It’s 2011, and role-playing games couldn’t look or play any better. Conversation and player choice is just as important as competence in combat and navigation, so players who value immersive and fully-realized experiences couldn’t be happier. The time couldn’t be better for one of the genre’s oldest legends to get a second wind. That legend is none other than King’s Quest, set to return to modern consoles developed by TellTale Games, makers of the Sam & Max series.
The developer that spent the last few years on a crusade for the future of episodic releases and downloadable adventure games has got a full plate at the moment. The episodic Back to the Future game is going strong, a Heavy Rain-inspired Jurassic Park title is next up on the list, not to mention an adaptation of the hit AMC series The Walking Dead all locked up.
So you might think that the last thing TellTale would want to do is bite off one of the most world-changing and revolutionary RPGs that computer games have ever seen. Clearly the team has hit their stride, and when you’re on a roll, why stop?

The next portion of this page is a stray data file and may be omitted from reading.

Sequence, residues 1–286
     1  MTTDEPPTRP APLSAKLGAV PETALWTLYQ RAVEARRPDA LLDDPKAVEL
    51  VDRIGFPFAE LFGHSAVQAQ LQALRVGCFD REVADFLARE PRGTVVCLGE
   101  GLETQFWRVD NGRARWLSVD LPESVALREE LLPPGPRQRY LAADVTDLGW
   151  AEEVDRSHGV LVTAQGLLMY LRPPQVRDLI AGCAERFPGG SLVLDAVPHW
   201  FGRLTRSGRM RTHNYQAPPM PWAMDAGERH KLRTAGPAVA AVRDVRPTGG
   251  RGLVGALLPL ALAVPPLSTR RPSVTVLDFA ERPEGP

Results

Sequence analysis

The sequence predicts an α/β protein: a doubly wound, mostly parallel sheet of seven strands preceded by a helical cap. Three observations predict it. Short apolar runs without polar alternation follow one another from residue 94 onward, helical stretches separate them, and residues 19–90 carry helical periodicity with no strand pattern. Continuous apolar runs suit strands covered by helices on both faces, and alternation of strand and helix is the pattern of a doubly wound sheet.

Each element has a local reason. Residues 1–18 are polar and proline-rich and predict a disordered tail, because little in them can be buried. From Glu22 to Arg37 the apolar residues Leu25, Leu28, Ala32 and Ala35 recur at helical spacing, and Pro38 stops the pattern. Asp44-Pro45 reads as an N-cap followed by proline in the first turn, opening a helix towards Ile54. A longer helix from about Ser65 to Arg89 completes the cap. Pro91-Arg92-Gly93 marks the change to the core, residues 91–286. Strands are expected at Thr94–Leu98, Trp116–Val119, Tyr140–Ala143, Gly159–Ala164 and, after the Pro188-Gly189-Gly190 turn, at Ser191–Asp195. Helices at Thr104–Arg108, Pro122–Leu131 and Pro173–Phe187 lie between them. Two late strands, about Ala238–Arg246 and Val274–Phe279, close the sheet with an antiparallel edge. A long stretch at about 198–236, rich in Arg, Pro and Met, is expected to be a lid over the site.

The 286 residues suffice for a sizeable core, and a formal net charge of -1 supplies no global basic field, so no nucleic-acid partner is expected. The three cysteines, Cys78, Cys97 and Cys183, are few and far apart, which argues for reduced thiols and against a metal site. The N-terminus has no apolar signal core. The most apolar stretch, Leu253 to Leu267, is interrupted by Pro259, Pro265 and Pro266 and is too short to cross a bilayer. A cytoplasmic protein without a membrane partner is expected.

The announcement came at a recent press conference, when TellTale’s Senior VP of Marketing Steve Allison explained that the RPG reboot wouldn’t be a bite-sized game, but the start of a new chapter for the company:
“We have agreed to a multi-title, multiplatform deal to reboot the King’s Quest franchise… Much like we did with Tales of Monkey Island, we’re rebooting King’s Quest with all new episodic games and multiple series.”
The King’s Quest series ran for more than eight titles, so there is clearly enough depths for the developers to plumb. Allison wouldn’t give any more details until E3, but the studio’s history with arcade and point-and-click adventure games seem to fit right at home with King’s Quest.
With rumors circling a potential rebirth of the sister series Police Quest, the time couldn’t be better for giving the classic series a re-imagining. We really can’t give any more details of what to expect, since the result could range from a completely new take on the old formula, or an inspired re-tread in classic 8-bit graphics.
Either way, TellTale has quickly become a developer to watch, and proof that publishers can be just as effective at bringing new properties back from the dead as they can be sending them there.
No dates have been given, but stay posted for any more information on the King’s Quest reboot. TellTale can only employ so many programmers, so it may be a while before we hear any more.